trump-maga

Are you planning on attending President-Elect Trump’s inauguration in Washington, D.C. next week? According to the American Civil Liberties Union (ACLU), if you’re an inauguration attendee, you’re going to want to be prepared for any police interaction.

The ACLU partnered with Black Lives Matter DC (BLM), Black Youth Project 100 DC (BYP100), DC-National Lawyers Guild (DC-NLG), Stop Police Terror Project DC and Law4BlackLives-DC to create a pamphlet to inform inauguration goers of what to expect should they protest, be arrested or run into any local and federal law enforcement officers.

The pamphlet lists law enforcement badges, how to prepare in case you should get arrested and even advice for illegal immigrants who are looking at protesting.

“Usually police in D.C. do a pretty good job and understand their role at facilitating [and] not disrupting demonstrations,” Scott Michelman, senior staff attorney for ACLU of the District of Columbia, told FOX DC. “Just in case, we have information about dealing with police, understanding what to say, and most importantly what not to say and what to do if things go wrong.”

Based on the information provided on the pamphlet and the groups involved in the partnership, it’s obvious the ACLU is preparing for BLM protestors at Trump’s inauguration. The best part? If a protestor believes he or she is facing unwarranted police scrutiny, they can record the police interaction and submit it to the ACLU of DC via the “Mobile Justice DC” app.

The app, available in both the Google Android and Apple iOS stores, allows users to record law enforcement, to alert other Mobile Justice DC app users to nearby law enforcement encounters, and to submit videos and incident reports automatically to the American Civil Liberties Union of the District of Columbia (ACLU-DC). Individuals who believe that they have witnessed a civil rights violation can complete an incident report and send it to the ACLU-DC for review, along with their contact information, for follow-up.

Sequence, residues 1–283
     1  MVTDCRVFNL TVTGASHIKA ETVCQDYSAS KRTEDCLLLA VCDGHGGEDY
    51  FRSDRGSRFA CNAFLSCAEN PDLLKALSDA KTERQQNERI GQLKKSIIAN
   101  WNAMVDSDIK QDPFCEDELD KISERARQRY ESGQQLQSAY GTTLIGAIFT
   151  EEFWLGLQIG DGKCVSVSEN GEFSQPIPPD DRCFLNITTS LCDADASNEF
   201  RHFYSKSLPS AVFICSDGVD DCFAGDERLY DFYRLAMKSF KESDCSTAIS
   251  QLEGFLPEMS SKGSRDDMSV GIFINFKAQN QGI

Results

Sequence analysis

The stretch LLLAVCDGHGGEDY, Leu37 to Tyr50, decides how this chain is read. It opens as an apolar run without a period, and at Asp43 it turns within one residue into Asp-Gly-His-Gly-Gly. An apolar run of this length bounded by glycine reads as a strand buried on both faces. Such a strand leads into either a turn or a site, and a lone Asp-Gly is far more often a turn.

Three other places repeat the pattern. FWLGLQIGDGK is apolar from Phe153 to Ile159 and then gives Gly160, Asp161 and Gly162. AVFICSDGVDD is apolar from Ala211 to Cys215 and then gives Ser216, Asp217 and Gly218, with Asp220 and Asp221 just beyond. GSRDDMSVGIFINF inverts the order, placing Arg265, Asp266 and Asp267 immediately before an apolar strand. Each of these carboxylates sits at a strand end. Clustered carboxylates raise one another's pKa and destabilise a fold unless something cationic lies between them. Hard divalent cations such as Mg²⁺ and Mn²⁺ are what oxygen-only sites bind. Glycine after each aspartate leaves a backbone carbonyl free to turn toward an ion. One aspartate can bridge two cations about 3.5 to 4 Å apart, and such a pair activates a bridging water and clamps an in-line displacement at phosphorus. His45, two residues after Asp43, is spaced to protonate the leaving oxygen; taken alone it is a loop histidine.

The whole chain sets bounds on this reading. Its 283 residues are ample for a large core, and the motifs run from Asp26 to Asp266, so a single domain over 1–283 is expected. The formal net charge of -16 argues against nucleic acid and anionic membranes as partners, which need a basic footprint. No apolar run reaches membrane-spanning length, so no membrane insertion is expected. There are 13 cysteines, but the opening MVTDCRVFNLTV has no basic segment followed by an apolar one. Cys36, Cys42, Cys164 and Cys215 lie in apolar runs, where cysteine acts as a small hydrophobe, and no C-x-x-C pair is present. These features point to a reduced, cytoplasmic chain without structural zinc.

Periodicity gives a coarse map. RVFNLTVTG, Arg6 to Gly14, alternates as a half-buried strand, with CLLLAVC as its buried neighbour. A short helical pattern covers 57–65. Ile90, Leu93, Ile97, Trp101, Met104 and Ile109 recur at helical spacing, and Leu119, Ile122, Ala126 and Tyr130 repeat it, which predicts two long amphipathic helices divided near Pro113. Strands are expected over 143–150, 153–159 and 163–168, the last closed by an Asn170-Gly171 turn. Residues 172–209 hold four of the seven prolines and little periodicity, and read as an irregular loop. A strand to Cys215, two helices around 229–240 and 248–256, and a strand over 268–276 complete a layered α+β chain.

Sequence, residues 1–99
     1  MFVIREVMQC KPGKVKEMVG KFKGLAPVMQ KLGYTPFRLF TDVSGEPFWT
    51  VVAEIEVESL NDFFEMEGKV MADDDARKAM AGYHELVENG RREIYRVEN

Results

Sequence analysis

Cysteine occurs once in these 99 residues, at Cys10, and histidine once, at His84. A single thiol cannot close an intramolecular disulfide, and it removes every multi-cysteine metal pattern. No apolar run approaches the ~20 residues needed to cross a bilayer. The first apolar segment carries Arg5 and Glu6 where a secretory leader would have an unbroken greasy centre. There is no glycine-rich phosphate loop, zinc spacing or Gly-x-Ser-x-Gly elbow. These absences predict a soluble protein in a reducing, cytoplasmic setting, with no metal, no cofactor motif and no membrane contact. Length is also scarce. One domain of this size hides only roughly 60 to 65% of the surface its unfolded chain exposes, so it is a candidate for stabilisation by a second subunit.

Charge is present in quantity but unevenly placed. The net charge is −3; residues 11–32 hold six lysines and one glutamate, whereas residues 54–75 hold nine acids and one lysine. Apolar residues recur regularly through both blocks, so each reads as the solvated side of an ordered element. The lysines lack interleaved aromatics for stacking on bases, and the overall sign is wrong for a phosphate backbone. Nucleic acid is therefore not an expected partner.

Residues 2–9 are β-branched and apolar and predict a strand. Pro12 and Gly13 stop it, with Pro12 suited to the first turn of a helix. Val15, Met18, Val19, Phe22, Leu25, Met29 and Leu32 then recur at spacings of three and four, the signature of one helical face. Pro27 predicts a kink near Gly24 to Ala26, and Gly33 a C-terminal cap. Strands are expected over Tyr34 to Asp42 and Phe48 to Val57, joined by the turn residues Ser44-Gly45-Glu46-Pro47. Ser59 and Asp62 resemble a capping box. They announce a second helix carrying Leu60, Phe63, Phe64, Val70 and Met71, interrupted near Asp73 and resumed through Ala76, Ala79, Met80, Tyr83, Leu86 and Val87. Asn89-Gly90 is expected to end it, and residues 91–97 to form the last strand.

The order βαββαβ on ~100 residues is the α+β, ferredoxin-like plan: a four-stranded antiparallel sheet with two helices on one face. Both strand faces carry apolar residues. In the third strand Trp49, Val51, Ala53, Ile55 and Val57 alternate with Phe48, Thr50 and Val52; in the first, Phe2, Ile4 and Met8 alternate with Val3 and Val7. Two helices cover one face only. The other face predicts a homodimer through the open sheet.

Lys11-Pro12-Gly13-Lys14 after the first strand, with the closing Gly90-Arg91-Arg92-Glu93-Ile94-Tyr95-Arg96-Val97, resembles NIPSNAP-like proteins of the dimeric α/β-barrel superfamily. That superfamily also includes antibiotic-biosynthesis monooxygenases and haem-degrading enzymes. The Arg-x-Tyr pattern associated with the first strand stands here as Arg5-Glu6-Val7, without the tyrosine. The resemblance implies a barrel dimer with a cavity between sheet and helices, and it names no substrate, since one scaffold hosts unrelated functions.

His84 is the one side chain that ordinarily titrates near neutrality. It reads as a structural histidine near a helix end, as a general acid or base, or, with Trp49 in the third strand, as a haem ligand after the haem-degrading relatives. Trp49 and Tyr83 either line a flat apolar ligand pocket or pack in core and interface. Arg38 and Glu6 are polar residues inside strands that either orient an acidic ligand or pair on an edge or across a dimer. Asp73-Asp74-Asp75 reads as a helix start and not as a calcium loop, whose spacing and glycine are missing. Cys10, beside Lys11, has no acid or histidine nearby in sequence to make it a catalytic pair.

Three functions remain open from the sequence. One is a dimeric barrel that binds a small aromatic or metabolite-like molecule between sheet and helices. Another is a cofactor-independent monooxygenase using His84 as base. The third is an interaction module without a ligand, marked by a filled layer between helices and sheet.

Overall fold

To help protestors, ACLU-DC created a “how to” guide on YouTube.

The ACLU says this app is important because it helps address police abuse.

From Rodney King to Eric Garner, to Jason Goolsby, bystander videos have helped draw document police abuse and have led to change.  Video can provide strong evidence of police abuse, especially compared to encounters where it is the word of officers against the word of criminal suspects. Even where officers aren’t criminally charged, videos of egregious cases of policing abuse have led to national conversation on issues around use of force and the role of race in policing, and have led to changes in police departments like the adoption of civilian oversight. Mobile Justice DC will make sure that bystander video is preserved even if police attempt to seize the phone or delete the files, and will help ensure video evidence of police abuse gets to the ACLU and civil rights community organizations that can use it to make change.

In other words, the ACLU is very skeptical of our men and women in blue. Although the ACLU is preparing protestors for the worst, let’s hope for everyone’s sake, that both protestors and DC law enforcement can be peaceful through the duration of the inaugural festivities.